Open Access Research Article

Patient Experience of Long-Standing Recovery Consequent to Surgical Management of Closed Fractures of Ankle: A Qualitative Study of Patient- Reported Outcomes in the Community

Sunil S Nikose1*, Devashree Nikose2, Aditya Kekatpure3, Kiran Saoji4, Sandeep Shrivastava5, Shashank Jain6

1Head of the Orthopedic Surgery and Traumatology, Rheumatology and Physical Medicine and Rehabilitation Services. FLS Unit. Hospital Valle de los Pedroches, Pozoblanco (Córdoba). Spain

2Head of the Orthopedic Surgery and Traumatology Service. FLS Unit. University Hospital of Santiago de Compostela. Associate Professor of Health Sciences. Surgery Department. University of Santiago de Compostela. Spain

Corresponding Author

Received Date: August 03, 2020;  Published Date: September 02, 2020


Core tip

Ankle fractures have been amongst the most widely recognized lower limb injuries treated by orthopaedic surgeons and most orthopedicians treat unstable ankle fractures as a surgical treatment [1,2]. Fractures in the ankle often lead to disabling ankle pain, muscle weakness, limited range of movements (ROM) in the weight-bearing ankle mortise, and difficulty in walking and climbing stairs [3-6].

Keywords: Fragility hip fracture; Morbidity; Mortality; Ortogeriatric comanagment care; Ortogeriatric unit


The ratio of people over 60 years of age has been increasing continuously throughout the world and will continue to do so in the coming decades, estimating that this population will reach 2,000 million in 2050 [1]. With this rate of aging, an increasing number of individuals with involutive processes related to age will become vulnerable to falls and geriatric traumas. This fact will indirectly increase the number of low impact fractures, the so-called fragility fractures.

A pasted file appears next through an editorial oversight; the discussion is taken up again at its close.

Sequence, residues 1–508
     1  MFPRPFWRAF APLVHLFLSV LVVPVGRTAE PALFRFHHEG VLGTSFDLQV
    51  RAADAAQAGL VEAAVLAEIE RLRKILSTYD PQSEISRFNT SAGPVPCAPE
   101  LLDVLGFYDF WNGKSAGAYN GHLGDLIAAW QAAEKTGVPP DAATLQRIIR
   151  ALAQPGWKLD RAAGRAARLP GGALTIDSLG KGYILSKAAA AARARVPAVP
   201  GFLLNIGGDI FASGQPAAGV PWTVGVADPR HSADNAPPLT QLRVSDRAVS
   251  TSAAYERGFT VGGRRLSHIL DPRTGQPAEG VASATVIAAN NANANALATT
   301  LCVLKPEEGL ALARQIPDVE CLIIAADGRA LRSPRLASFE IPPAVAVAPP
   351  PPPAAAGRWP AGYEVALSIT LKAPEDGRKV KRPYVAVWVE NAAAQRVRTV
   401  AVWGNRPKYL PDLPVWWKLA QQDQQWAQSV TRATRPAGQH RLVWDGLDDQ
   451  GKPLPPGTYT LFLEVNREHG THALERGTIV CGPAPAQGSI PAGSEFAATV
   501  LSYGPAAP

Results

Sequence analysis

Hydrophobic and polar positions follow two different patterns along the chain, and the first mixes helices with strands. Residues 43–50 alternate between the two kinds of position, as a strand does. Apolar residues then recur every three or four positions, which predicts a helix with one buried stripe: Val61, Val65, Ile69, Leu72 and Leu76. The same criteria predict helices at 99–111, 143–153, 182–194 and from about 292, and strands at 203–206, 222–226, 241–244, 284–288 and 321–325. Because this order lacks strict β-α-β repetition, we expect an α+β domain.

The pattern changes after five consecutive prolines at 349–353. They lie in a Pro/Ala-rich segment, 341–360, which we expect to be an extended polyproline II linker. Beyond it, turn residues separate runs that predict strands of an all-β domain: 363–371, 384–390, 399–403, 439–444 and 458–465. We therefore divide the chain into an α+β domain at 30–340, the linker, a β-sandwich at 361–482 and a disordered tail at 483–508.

It has been calculated (dataof year 2000), that more than 9 million fragility fractures occur each year worldwide (1,6 million hip fractures, 1,7 million distal radius and 1,4 million of symptomatic vertebral fractures) [2]. An already classic scientific paper, that infers a future projection of the epidemiological data existing at the time of its publication, have estimated that hip fractures would also increase in these coming decades, quadrupling their number in 2050 until reaching 6,26 million [3].

Regardless its obvious epidemiological relevance, this type of fractures, physiopathologically related to a decrease in bone strength (osteoporotic fragility fractures), has generally shown to have significant consequences on health and quality of life related with it. Specifically, hip fragility fractures (HFFx) are characterized by an important clinical and functional repercussion, with a high morbidity and mortality both during hospitalization and after discharge time [4,5]. These circumstances imply a considerable increase of medical care necessities, and a health and socioeconomic burden in all Western countries, becoming a public health problem for all health systems in the world [2].

The high age of patients, the rate and type of associated comorbidities (malnutrition, diabetes mellitus, arterial hypertension, chronic renal failure, heart failure, ischemic heart disease, cerebrovascular events, etc.), the high rate of medical (hydroelectrolyte alterations, anaemia, delirium, urinary infection, decubitus ulcers, etc.) and surgical postoperative complications (delayed consolidation, secondary displacement, failure of osteosynthesis, peri-implant fractures, etc.) [4], the impact they have on patient mobility, the high degree of disability and functional dependence that can induce (most patients do not recover the functional capacity they had prior to the fracture, 20% of them requiring help for prolonged periods of time) and an increase in institutionalization rates, clinically characterize HFFx.